Why Positive Thinking Isn’t Enough

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Now that New Year's resolution season has come and gone, chances are good that your health and wellness goals have hit the rails. While you might assume the answer to get back on track is to just change your attitude and get positive, there’s actually a better, and surprising, course of action. We spoke with Gabriele Oettingen, a social psychology professor at New York University and author of Rethinking Positive Thinking about why getting a little bleak may make this your breakthrough year.  

Your book concludes that people who are relentlessly sunny are less likely to succeed in their goals versus their more dour counterparts. How did you figure this out?
At the beginning, when you looked at certain research samples, like people who were overweight and wanted to lose weight and university grads who wanted to transition into work life, we first looked at probability of fantasy and waited and looked what would happen. We found out that the more positive their thinking, the less successful they would be over time. Then we replicated these findings over and over. We knew we had a phenomenon that is very much counter to what people think and what I, at the beginning, also thought.

When we think only positively, our minds, and even physiologically our bodies, relax and react as if we've already gotten the thing we want. We're less motivated and amped up to start working through the inevitable obstacles that arise when we're trying to achieve something. The future outcome we want and the obstacles that stand in our way are automatically linked and when we don't recognize those obstacles and address what we'll do when we're confronted by them, we have neither a plan to overcome them or the motivation to do so. 


Out of your research, you developed a better goal-making system (WOOP). How does it work?
We realized that fantasizing [about your dreams] doesn’t cut it – we need to contrast it with an obstacle. WOOP stands for Wish, Outcome, Obstacle, Plan. First, you identify what is important and central to you. Think: For 2015, how do I want my life to change? Figure out your wish, not what other people are saying you should do. Then identify the best outcome; really let your mind go and your free thoughts and images wander. Once you’ve done that, then you say, “What’s stopping me from realizing that wish? What is it in me that’s holding me back?” Be honest with yourself and dig deep. You could even find an old hang-up or something emotional. Imagine the obstacle happening – actually think about experiencing that obstacle – and let your mind go again. Next you say, “What can I do to overcome that obstacle?” Make an if/then statement: if this happens, then I will do… That’s all. You can do it for a wish you have for the whole year, the next four weeks or even the next 24 hours. It’s a skill you develop. It’s not only about weight-loss goals or work success, it can be a wish for a telephone call, for what happens tonight.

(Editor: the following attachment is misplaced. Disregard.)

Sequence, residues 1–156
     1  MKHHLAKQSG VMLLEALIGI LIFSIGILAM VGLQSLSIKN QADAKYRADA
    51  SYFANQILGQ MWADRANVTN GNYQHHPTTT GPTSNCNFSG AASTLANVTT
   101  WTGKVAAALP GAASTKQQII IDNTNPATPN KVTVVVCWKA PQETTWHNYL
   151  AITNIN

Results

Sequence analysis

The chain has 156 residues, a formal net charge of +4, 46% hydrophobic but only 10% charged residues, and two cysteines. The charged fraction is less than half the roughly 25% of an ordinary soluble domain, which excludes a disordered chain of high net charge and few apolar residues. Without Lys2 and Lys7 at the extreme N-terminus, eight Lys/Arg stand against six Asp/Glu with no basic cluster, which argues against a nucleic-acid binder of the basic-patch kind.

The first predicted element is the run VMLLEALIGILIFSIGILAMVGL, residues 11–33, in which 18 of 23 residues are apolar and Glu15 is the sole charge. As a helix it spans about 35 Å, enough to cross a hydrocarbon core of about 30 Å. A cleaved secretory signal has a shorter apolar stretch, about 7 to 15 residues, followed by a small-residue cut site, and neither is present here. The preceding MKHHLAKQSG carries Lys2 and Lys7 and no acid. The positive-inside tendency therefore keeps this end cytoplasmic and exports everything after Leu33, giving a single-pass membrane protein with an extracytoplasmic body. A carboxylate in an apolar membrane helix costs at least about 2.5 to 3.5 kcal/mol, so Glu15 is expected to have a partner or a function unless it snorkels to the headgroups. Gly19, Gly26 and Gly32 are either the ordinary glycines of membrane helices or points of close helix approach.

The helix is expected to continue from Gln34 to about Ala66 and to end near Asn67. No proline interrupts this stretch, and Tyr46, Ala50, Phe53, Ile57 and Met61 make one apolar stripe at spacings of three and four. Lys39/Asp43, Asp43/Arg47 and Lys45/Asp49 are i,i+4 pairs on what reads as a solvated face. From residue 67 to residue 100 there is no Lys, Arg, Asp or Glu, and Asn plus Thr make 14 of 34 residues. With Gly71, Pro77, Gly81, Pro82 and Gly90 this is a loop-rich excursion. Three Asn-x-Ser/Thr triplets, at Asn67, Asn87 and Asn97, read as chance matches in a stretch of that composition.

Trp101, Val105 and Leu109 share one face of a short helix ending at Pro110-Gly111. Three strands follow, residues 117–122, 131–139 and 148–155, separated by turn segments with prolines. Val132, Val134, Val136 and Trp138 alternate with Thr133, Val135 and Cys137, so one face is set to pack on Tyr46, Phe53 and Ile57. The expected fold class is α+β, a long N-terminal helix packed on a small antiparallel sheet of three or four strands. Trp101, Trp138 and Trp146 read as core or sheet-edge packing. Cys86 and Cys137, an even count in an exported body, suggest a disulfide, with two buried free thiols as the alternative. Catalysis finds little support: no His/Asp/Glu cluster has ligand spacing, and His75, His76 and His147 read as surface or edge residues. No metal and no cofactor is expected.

What if you finish WOOPing only to realize that the obstacles that stand between you and your dreams are insurmountable?
If the obstacles are such that you can’t deal with it at the moment, think about tackling them later on, or delegating them. Sometimes you might find that the wish just isn’t for you. Or you adjust it. You may find that going to the gym seven days a week is too much, but three is ok. By understanding what really stands in the way, you understand what you can do and what you can’t do. Then your whole heart embraces it and you can really tackle it. Or you can invest your time in something that is more feasible. It’s a way of cleaning up your life and understanding what you can achieve and the other things that aren’t for now.

We live in a society that makes big promises of getting dreams easily: a luxury car gets you the girl, just signing up for the gym gets you a six-pack. That's unrealistic, but appealing. How can people get motivated to settle in for a long haul? 
It would be easier for us if we could employ some kindness and humor. We have these obstacles within us that impede us. The idea is that we tackle these obstacles, that we deal with them. If the first didn't work, take the second. Do it playfully instead of interpreting it as a big misery and something that defines you and your being. When you do WOOP yourself, you don't know what will come out. You might even get creative and learn what's dear to you that you didn't realize. 

So WOOP’ing starts out from a place of dreaming, of thinking positively, then realistically identifying the obstacles. Is there ever a situation where you should start off negatively?
Sure, you could start from the negative future with negative fantasies about the future that come from fears. Then you do mental contrasting with the positive reality. So if you're looking to quit a bad habit, you think about a future in which you haven't and imagine all of the bad things that happen — really let the mind go. Then you contrast it with the present and look at all the things between now and then that would have to go wrong for your worst fears to be realized. You still end up identifying the same obstacles and set up strategies in advance to overcome them, so the effect is the same. 

Any tips to help make WOOP work?
You don't have to start with huge goals. Think about this: Your dream is to run a marathon. But the one you've selected is in two weeks and you think, "Ugh, come on, it's too formidable." This is a goal for next year. But you start small, join a club, run shorter races. You understand then what you can and can't do. You don't feel bad when you hear other people are running the marathon. Then you're not loaded with all the goals you can't reach and achieve the ones you can. It becomes a muscle – the more easy and automatic it comes.  

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